Once, at a dinner party, Condoleezza Rice mistakenly referred to George W. Bush as her husband. A strange slip, indeed. Their worldviews were finely attuned to each other, and Bush viewed her advice as rock-solid, even more so than Cheney's.
As National Security Advisor, Rice was charged with keeping all of the principals in line and filtering their priorities before sounding them to Bush. She knew how to say the words Bush wanted to hear. However, she was unwilling or unable to repair the schism between the Defense and State departments. Even in the best of times the relationship is cool, but with Rumsfeld and Powell respectively in charge, there was alarming antipathy.
A pattern emerges with the top three major players that surrounded Bush throughout his presidency. Rice, Rumsfeld, and Cheney all had windows when they could have pursued the highest office in the land. All three declined the opportunity. Their loyalties to Bush trumped the usual egomaniacal pursuits of high-profile politicians. On the surface this seems ideal. Conversely, Bush's perceptions of his infallible instincts would sometimes veer off course, and Rice rarely, if ever, steered him back on track. Rather, she would enable and protect some very questionable strategies.
It was Josef Korbel, the father of Madeline Albright, that set Rice on the fateful course that sent her to the pinnacle of American political power. Her Soviet studies with Korbel led to her advising George H.W. Bush during the heady days of the dissolution of the U.S.S.R and the fall of the Berlin Wall. Her performance during this time led Bush to proclaim to Gorbachev that she "taught me all I know about the Soviet Union." Rice herself has commented that a "black girl from Birmingham, Alabama has no business being a Russianist." She is surely in exclusive company having read War and Peace. In Russian. Twice.
Rice was a competitive figure skater, is an accomplished pianist, and could be a future NFL commissioner. She is a groundbreaking figure in American history. Her academic career as provost of Stanford University (to which she has returned) and her roles as presidential confidante and Secretary of State have gained her the recognition of being one of the most powerful women in the world. Not bad for someone whose humble beginnings included being a target of Jim Crow.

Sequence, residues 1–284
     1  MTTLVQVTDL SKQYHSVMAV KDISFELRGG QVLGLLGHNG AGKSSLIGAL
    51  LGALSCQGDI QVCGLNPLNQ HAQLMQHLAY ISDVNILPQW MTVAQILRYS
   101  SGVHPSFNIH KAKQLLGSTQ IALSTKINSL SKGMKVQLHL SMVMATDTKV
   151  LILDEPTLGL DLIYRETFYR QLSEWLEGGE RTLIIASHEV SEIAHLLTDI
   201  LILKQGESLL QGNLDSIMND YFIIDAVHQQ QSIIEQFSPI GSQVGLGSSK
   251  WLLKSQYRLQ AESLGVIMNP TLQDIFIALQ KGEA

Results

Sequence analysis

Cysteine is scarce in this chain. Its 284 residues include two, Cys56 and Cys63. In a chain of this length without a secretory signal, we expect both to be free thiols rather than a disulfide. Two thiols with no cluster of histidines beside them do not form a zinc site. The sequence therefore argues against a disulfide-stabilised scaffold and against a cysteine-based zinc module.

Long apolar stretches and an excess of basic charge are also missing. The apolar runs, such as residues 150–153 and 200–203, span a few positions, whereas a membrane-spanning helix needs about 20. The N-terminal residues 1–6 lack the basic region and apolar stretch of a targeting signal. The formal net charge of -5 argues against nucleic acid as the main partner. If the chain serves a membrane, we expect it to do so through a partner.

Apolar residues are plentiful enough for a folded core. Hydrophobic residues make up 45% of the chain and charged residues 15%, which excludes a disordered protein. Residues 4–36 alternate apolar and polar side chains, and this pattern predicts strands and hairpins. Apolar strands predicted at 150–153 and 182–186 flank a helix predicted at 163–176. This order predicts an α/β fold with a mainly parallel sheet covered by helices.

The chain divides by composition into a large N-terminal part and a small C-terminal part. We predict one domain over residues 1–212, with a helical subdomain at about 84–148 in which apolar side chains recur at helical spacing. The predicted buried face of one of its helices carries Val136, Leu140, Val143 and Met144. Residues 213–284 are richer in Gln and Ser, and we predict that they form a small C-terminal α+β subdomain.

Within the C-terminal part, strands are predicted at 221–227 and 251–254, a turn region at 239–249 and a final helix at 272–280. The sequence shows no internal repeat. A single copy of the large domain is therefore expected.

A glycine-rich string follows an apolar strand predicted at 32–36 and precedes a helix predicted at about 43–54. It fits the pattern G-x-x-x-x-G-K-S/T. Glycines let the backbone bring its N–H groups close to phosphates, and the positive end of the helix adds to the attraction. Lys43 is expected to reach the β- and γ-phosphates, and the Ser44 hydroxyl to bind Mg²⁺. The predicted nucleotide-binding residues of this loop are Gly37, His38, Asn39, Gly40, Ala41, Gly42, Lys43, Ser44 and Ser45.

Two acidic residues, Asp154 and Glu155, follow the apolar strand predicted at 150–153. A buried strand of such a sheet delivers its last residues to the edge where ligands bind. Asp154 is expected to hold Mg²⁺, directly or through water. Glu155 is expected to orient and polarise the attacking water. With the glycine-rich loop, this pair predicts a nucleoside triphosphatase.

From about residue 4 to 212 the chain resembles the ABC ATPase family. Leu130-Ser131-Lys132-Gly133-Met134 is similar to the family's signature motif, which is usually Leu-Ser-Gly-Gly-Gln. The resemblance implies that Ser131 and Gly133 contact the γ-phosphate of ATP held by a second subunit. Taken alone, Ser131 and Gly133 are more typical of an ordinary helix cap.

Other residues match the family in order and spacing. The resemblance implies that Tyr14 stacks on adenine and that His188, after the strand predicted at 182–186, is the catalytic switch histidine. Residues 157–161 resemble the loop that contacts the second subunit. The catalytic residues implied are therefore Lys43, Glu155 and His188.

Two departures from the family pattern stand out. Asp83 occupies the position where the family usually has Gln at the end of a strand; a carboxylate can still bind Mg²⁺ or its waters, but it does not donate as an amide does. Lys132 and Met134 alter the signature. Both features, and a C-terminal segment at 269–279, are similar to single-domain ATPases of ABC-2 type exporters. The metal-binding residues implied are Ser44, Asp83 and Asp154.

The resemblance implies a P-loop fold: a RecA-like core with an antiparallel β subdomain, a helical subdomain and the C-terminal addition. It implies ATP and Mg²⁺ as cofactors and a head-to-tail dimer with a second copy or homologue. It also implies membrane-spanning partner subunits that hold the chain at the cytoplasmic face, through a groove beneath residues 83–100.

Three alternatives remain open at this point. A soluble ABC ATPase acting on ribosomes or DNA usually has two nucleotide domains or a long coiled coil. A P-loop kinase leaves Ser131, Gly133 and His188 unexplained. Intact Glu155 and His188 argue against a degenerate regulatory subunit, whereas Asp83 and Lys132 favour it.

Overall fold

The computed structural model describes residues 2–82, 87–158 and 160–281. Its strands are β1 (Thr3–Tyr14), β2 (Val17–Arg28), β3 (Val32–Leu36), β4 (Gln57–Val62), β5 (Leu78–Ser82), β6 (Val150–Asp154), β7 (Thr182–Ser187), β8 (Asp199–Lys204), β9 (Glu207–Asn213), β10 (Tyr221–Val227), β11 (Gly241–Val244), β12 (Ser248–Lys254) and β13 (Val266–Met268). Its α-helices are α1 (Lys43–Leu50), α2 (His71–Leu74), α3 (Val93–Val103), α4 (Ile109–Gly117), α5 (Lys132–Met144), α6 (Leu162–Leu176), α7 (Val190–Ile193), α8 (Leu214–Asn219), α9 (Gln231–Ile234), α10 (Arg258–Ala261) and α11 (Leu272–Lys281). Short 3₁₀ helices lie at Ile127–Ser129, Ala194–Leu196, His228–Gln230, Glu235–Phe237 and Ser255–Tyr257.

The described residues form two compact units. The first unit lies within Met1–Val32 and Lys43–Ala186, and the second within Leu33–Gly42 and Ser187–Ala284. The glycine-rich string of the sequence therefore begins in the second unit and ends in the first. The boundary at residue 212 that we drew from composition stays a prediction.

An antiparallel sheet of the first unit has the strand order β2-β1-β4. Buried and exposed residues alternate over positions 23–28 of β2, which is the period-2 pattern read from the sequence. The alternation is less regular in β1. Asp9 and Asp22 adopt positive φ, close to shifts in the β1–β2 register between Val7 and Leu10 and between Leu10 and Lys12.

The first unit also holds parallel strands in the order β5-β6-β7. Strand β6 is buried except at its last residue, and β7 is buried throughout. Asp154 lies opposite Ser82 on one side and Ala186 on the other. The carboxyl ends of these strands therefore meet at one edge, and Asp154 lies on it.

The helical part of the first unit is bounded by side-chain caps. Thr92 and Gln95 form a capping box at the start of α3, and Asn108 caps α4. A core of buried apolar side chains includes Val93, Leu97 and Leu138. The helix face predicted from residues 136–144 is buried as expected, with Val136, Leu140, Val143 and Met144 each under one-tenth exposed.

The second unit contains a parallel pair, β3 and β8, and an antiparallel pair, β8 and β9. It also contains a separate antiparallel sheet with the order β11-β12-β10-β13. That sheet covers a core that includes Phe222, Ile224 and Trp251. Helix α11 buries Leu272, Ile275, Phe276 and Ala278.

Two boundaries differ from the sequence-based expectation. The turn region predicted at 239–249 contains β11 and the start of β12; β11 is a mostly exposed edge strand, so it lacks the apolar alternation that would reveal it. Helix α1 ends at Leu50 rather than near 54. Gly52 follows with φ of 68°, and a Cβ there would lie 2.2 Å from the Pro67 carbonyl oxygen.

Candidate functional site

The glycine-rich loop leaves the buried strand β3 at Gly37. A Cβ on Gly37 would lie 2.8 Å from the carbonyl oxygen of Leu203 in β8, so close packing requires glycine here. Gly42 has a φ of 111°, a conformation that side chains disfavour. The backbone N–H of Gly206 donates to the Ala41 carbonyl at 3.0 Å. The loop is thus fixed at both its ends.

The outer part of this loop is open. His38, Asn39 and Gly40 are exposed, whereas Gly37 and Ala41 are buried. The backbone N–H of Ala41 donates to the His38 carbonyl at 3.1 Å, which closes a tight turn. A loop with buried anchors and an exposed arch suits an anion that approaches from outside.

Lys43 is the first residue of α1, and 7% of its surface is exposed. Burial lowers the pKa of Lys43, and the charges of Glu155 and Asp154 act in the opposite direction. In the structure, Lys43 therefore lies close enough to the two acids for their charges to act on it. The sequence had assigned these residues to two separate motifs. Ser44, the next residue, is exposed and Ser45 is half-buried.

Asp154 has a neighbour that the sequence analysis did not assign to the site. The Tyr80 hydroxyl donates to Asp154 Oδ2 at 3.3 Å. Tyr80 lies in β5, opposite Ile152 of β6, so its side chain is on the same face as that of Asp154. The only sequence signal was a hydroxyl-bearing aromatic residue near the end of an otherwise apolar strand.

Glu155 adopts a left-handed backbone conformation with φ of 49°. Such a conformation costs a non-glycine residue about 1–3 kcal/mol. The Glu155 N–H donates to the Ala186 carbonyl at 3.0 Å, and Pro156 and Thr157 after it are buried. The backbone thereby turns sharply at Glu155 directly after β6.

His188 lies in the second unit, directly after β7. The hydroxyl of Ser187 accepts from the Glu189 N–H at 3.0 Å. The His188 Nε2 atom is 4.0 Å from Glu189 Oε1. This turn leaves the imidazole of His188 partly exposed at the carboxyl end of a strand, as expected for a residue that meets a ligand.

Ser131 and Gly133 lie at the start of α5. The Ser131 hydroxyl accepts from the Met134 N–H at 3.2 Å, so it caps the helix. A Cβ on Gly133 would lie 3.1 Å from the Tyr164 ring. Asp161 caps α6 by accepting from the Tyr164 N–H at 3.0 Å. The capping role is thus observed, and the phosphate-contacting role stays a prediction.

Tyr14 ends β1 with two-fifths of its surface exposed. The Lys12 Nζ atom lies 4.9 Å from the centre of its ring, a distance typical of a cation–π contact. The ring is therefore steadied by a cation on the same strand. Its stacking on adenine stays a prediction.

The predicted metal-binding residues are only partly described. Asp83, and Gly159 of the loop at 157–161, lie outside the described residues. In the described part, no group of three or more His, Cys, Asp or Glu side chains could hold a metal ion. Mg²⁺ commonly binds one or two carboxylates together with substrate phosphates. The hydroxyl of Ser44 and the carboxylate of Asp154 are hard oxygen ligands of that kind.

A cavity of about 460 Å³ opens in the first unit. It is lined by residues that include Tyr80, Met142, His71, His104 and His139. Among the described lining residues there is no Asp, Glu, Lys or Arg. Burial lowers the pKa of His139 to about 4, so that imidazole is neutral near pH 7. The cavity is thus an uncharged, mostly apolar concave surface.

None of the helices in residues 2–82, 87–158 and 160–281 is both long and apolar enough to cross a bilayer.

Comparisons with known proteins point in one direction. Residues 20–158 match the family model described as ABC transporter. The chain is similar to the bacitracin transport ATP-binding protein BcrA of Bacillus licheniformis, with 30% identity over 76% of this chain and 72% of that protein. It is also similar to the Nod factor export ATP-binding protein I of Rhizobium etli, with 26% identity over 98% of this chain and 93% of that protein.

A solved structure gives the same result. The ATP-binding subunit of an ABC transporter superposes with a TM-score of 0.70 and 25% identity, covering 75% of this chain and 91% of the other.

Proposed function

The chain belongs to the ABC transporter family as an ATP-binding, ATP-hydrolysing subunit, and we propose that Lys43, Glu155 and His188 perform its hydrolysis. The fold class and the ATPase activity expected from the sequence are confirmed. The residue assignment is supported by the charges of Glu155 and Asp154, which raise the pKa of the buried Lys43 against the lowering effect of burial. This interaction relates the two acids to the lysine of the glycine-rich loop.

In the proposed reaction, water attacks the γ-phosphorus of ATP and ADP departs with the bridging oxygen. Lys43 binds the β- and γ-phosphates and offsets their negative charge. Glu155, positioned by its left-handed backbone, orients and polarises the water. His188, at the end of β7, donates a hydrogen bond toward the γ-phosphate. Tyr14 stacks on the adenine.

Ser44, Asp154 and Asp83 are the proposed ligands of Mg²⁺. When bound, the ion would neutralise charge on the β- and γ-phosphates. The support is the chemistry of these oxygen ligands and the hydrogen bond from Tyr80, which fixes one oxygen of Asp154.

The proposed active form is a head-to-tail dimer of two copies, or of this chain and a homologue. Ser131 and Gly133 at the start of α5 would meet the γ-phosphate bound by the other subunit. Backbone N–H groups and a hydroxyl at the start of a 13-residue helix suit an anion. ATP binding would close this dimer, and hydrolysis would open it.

Rice caught a lot of flak over the Bush administration's initial refusal to allow her to testify before the 9/11 Commission. Bush did not want to set a precedent of advisors to the president being called to testify. This would lead to less than forthcoming advice, which seems like something that was already happening with Rice and Bush.
She eventually did testify. When a noteworthy Presidential Daily Briefing (PDB) from August 6, 2001 was revealed to have been titled "Bin Laden determined to strike U.S.," Rice performed embarassing verbal gymnastics to claim that the PDB contained "historical" information. Rice actually had the nerve to say "The PDB does not say the United States is going to be attacked. It says Bin Laden would like to attack the United States."
RIce was accused of using Cheney-esque scare tactics when she uttered her famous comment to Wolf Blitzer regarding Iraqi WMD's: "We do not want the smoking gun to be a mushroom cloud." She verbally ok'd the use of waterboarding on prisoners to CIA chief George Tenet as early as 2002 and has defended that action by repeatedly saying that the U.S. does not, did not, and will stop using torture. She also justified the harsh interrogations of prisoners by using the mantra: "We have to be right 100% of the time. The terrorists only have to be right once." It is a good point.
Rice is publicly confidant about her role in charting a course for this country that is pregnant with potential consequences, many of them deadly. She sees her record as National Security Advisor as one that sprang forth "birth pangs of a new Middle East." Time will tell.
Coming up next: Condoleezza Rice, Part II: Secretary of State
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